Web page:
Wednesday, February 17, 2010

Nothing like getting to the end of a long day and finding a painting that looks a bit like you feel (at least I hope I don't look like this). Isn't it haunting and beautiful in its simplicity? It's called The Old Farmer (1903)

I had never heard of Paula Modersohn-Becker. Apparently, she found her initial inspiration at the artists' colony of Worpswede near her family home in Bremen. The emphasis at the colony was to look to convey simple, humanistic values; often farmers or mothers with children were subjects that interested the colony artists.

She took classes there and moved to the colony to live and work, but eventually went to Paris on 4 different occasions to study and see the work of other artists. She chose the first date of her departure for Paris symbolically - the last day of 1899. In Paris she met Rodin, took in all that was happening in the world of French art, and came away impressed by the work of Gauguin, Van Gogh, Vuillard, and Cezanne.

What do you think? Do you like those buttons as much as I do? And those shoulders that seem so narrow but are at such an interesting angle; are they coming forward or not? There is something resigned but also strong about this woman. With her head so close to the top of the frame, she seems to be pushing out from her boundaries.

According to an interesting site (Galerie St. Etienne in NY), Modersohn-Becker's work did not receive much attention until the 1950s. Her life was very short - she died in 1907 at the age of 31. The cause was cardiac embolism which occurred just a few weeks after giving birth to her first child.


  1. I appreciate this post because I am completely unfamiliar with Paula Modersohn-Becker. She was a contemporary of a German artist whom I am familiar with, Käthe Kollwitz. The first work I ever saw by her was the very moving statue of a mother and her dead child in the center of the memorial to victims of war and tyranny in Berlin. There is also a Käthe Kollwitz museum that is well worth the visit in one of the lovelier neighborhoods of Berlin.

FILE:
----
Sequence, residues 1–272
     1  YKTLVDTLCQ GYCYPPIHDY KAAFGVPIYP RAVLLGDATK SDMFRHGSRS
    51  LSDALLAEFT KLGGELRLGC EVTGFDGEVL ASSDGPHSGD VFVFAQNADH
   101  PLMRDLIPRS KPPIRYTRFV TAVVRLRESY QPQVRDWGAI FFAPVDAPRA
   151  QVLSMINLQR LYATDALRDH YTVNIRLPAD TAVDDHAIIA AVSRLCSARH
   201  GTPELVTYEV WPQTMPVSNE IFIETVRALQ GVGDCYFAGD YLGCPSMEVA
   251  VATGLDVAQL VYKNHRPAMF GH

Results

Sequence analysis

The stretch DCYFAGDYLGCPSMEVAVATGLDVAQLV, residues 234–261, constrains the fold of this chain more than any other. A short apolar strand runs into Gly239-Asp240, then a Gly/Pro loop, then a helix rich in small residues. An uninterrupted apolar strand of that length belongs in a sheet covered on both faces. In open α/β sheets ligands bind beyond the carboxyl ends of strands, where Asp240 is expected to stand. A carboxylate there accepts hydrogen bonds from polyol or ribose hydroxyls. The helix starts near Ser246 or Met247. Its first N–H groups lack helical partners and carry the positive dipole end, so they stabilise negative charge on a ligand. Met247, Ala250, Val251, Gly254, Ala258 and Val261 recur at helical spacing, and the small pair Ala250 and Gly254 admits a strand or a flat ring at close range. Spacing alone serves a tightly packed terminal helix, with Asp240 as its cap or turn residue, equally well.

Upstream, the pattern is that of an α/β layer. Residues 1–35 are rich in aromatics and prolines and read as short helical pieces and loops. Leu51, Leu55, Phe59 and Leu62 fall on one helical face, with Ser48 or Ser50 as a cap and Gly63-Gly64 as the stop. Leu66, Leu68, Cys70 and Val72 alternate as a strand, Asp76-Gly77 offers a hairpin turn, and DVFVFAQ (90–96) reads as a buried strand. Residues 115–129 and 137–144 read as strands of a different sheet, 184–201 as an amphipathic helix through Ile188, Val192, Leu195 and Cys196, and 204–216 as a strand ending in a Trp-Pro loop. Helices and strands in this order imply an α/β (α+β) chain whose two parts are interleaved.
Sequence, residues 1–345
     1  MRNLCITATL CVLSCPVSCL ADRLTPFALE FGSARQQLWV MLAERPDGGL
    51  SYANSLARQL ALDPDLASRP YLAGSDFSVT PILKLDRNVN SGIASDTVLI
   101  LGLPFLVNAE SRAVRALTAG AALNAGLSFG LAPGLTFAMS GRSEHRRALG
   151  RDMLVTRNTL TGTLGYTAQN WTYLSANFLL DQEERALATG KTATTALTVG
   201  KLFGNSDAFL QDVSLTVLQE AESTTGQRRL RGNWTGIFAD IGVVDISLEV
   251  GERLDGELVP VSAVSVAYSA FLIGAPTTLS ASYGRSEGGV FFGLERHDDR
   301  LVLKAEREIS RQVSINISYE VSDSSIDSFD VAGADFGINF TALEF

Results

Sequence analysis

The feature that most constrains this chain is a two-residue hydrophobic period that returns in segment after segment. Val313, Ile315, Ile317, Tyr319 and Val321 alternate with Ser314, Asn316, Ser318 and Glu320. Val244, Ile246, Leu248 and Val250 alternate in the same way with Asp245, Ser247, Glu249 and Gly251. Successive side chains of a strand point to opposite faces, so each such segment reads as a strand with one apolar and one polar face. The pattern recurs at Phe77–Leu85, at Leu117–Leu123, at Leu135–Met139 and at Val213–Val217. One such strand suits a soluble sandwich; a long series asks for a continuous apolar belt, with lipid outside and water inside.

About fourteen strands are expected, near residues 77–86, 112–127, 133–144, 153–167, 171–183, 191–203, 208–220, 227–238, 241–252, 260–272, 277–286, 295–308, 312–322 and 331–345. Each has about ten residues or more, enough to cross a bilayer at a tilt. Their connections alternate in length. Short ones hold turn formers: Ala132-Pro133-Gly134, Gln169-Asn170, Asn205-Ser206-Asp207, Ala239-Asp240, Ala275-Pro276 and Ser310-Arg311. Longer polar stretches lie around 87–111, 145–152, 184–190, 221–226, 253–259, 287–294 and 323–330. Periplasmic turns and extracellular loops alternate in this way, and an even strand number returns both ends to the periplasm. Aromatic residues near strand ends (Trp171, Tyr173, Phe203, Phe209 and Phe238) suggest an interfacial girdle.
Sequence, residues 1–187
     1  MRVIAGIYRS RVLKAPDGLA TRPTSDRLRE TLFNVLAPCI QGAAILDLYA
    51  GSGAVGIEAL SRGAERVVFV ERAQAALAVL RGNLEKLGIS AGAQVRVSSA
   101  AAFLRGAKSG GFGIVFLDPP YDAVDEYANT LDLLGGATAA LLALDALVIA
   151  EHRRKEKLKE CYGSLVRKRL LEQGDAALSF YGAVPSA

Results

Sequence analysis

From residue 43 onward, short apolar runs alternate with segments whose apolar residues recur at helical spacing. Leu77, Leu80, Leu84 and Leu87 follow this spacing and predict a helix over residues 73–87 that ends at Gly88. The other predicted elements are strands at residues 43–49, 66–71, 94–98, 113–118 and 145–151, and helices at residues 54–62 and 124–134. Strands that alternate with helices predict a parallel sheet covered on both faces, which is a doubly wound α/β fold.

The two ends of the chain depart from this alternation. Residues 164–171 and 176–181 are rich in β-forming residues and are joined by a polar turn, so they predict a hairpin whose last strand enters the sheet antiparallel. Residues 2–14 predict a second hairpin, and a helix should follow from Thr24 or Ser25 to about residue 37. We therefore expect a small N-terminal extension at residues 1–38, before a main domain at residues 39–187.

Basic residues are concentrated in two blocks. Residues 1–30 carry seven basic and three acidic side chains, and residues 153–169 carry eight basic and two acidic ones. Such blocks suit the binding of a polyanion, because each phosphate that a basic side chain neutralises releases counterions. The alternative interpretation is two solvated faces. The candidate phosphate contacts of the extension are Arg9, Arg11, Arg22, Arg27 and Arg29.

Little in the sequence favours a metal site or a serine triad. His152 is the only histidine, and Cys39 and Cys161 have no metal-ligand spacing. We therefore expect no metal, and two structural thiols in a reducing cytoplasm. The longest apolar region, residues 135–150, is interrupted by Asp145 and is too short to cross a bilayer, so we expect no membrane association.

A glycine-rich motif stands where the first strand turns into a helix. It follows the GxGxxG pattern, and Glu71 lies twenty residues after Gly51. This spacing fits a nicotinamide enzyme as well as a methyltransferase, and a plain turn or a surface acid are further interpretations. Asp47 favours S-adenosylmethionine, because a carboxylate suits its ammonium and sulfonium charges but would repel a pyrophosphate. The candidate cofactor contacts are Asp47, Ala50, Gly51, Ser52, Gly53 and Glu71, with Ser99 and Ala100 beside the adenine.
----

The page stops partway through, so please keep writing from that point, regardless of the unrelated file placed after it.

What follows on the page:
I see through google searchest hat Modersohn-Becker and Kollwitz have been featured together in exhibitions (including at the Galerie St. Etienne that you mention), but do not know if they knew each other or what if any relationship they may have had. Do you know?

  2. From An Intimate Distance: Women, Artists, and the Body, by Rosemary Betterton:

    "The two artists, Kathe Kollwitz and Paula Modersohn-Becker had much in common. They were born (in 1867 and 1876 respectively) within a decade of each other in the northern German cities of Koningsberg and Dresden, in the former state of Prussia. They were brought up within liberal bourgeois families and received their training at women's art schools in Berlin and Munich, each achieving some measure of professional independence bhy the turn of the century. They moved in similar progressive circles . . . There is no evidence, however, that they ever met or even knew of each other's work."

  3. Taken together, those buttons are a symbol of her disappointment and exhaustion. Your eye can't help following their descent.

  4. Mojavehicular:

    Love your mentioning the directed momentum of the moving eye to evoke emotion -- wow!

    I was thinking of the poetic feeling coming from rhythmic stress on variation on circle: head, fingernails, eyes . . . reprising the musical buttons!

    I also appreciate how the surface she leans on, leans into flat verticality, like her, on the left.

    Suzanne, thanks for sharing! Uplifting, even when humanely downcast . . . and goodness knows I feel this way at times.

  5. Thank you, Bill (mojavehicular) for researching the connection between Kollwitz and Modersohn-Becker. And Lorenzo, the post of December 11 includes a photo of the Kollwitz memorial you saw in Berlin. I have a feeling the photo doesn't do it justice. Beth, thank you for your insight about how the surface she leans on disappears into verticality on the left while there is a sense of depth on the right.